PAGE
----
But every now and then, you’ll run into a seller who isn’t so upstanding. My dad and I have bought thousands of tractors over the years, and we’ve learned the hard way about many tricks that dishonest sellers will use to cover up serious mechanical issues in their tractors. Here, we share seven of the most common tricks – and how to see right through them. JD 430W

 

  1. A turned-up oil pressure gauge. A dishonest seller can fiddle with the readings on the gauge to make the tractor show great pressure when the pressure is actually quite low. To fight against this, pay careful attention to the amount of smoke the tractor gives off. Excessive smoke can be the warning sign of a worn-out engine.
  2. A lowered oil level. If the engine smokes, a seller can try to mask this by lowering the overall oil level – with less oil in the engine, the tractor won’t smoke as bad. Checking the oil level can help make sure you are getting an accurate representation of the tractor’s condition.
  3. The wrong spark plugs. Dishonest sellers can also combat a smoky engine with hotter spark plugs, which will help burn some of the oil off. Make sure they have the correct spark plugs.
  4. Hydraulic fluid. We’ve seen dishonest sellers put 90W gear lube in the hydraulics to cover-up a worn out hydraulic pump.
  5. Water in the engine. This can be covered-up by changing the oil just before the buyer comes, which flushes the water out of the engine. Check the oil for yourself after letting the tractor run for a while. Make sure that anti-freeze hasn’t made its way into the oil before you leave. Anti-freeze in the oil is usually the sign of a cracked head or a blown head gasket.
  6. Thinned-out oil. On a diesel tractor, check for engine oil that’s been thinned out and smells like diesel fuel. This could be a sign of an injection pump that is leaking into the crank case. Thin engine oil wears out the engine fast and is a big red flag.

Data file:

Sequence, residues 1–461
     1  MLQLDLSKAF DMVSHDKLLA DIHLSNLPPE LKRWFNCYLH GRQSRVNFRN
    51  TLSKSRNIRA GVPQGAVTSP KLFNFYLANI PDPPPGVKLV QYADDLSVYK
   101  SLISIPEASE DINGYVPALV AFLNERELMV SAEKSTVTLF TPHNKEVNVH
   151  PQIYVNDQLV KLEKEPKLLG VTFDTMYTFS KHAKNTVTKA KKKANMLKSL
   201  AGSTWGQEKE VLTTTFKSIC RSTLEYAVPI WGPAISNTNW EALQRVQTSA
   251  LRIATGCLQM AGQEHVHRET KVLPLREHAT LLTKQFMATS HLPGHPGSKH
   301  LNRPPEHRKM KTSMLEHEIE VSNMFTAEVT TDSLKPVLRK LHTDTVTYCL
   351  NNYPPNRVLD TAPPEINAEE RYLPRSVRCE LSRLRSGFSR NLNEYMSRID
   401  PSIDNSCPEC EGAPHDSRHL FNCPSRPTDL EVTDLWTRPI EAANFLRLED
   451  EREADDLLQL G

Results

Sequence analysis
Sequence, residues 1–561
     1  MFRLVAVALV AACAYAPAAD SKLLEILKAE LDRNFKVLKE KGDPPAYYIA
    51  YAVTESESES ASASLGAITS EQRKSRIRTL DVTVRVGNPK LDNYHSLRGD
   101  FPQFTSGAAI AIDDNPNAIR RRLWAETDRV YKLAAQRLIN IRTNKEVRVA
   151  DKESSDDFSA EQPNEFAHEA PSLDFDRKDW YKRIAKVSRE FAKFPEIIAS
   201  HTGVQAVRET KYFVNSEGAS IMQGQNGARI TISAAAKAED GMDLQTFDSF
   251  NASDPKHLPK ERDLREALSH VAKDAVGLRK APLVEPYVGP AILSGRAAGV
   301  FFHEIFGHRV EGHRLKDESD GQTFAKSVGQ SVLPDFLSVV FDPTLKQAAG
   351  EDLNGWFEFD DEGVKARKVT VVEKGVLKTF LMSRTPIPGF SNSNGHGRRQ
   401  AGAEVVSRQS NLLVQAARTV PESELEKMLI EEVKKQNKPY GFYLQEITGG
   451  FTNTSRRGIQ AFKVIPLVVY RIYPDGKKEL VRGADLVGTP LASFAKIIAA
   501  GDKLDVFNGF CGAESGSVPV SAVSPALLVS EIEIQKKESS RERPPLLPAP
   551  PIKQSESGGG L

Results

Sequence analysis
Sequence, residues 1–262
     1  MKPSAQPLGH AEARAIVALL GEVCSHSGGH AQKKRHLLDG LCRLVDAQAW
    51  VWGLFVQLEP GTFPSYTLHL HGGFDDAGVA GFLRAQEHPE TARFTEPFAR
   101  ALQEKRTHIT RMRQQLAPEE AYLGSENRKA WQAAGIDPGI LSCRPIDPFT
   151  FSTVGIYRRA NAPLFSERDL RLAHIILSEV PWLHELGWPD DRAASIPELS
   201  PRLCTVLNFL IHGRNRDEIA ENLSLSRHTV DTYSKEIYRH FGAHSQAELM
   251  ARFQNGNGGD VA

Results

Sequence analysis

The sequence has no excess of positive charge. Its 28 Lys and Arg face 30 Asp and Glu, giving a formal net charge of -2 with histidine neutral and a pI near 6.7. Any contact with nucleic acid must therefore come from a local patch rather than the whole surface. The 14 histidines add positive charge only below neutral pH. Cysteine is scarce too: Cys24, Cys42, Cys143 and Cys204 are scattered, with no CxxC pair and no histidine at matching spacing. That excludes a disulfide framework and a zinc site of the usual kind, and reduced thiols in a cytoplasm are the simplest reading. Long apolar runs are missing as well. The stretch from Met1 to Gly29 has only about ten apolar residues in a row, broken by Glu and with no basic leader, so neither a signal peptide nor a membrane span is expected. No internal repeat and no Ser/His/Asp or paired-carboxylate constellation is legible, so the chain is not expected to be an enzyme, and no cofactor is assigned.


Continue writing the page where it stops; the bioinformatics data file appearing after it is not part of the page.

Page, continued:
7. Black silicone on the tires. I mentioned this in my previous post, but it’s worth repeating – look over the tires carefully! A dishonest seller can cover up rips or tears with black silicone, but this is just a (dangerous) cosmetic fix.

 Farmall 140

Now that you know about these seven common tricks, you’ll be better prepared to guard yourself against dishonest sellers. While just one of these problems doesn’t automatically mean your seller is hiding something (they could just be clueless about the correct spark plugs, after all!), spotting one does mean you should stay alert for others. If you see multiple tricks like these, your seller is no doubt trying to hide something seriously wrong with the tractor.


How about you – what tricks have you seen dishonest sellers use?

Spring Maintenance on Your Antique Tractor

Ready to bring your tractor out of hibernation? In this “From the Barn” series – a collection of tractor repair videos offered exclusively online – Dan Fitzgerald shows you how to get your tractor ready for the working season, one of the most routine and necessary maintenance inspections. You’ll receive extra tips that will help you through any necessary repairs with ease. View all our other videos at www.SteinerTractor.TV

Tips for Starting a Tractor in Cold Weather

Photo - dalesby@yahoo_com - 785877 
When the temperature drops, getting an old tractor to start is harder than ever. Cold snaps can also be when you need your tractor the most, and have the least patience for engine trouble. Here at home, we use a Farmall M to haul firewood, a John Deere 520 to blade the driveway, and a Ford 5000 to run our generator when we’re out of power. We depend on these old tractors, and sometimes they need a little TLC to get running when it’s below zero.

Here are three tips for getting your old iron running, even in the cold:

  1. Make sure your battery is fully charged. Cold batteries don’t work as efficiently as warm ones, so you need all the juice you can get! You can also warm the battery up to room temperature inside, then take it out to the tractor when you’re ready to get to work.
  2. Warm the engine – a block heater is ideal, but an electric dipstick and/or a magnet heat pad for the oil pan can do the trick, too. You’ll be most successful with this method if your tractor is in the barn (and sheltered from the wind) to begin with, and it can be helpful to drape an old blanket or canvas drop-cloth over your tractor as insulation.
  3. When all else fails, a small amount of ether can often start your engine. While ether is controversial and certainly not ideal, sometimes it’s absolutely essential. We find that cheaper starting fluid does less damage (because it contains less of the active ingredient, ether). Used sparingly, a can of starting fluid is a valuable part of my cold-weather toolbox. .


Give these tips a try next time you need to start an antique tractor in cold weather. And let’s all hope that spring will come soon! Photo - vasicek2crazy4u@aol_com - 784029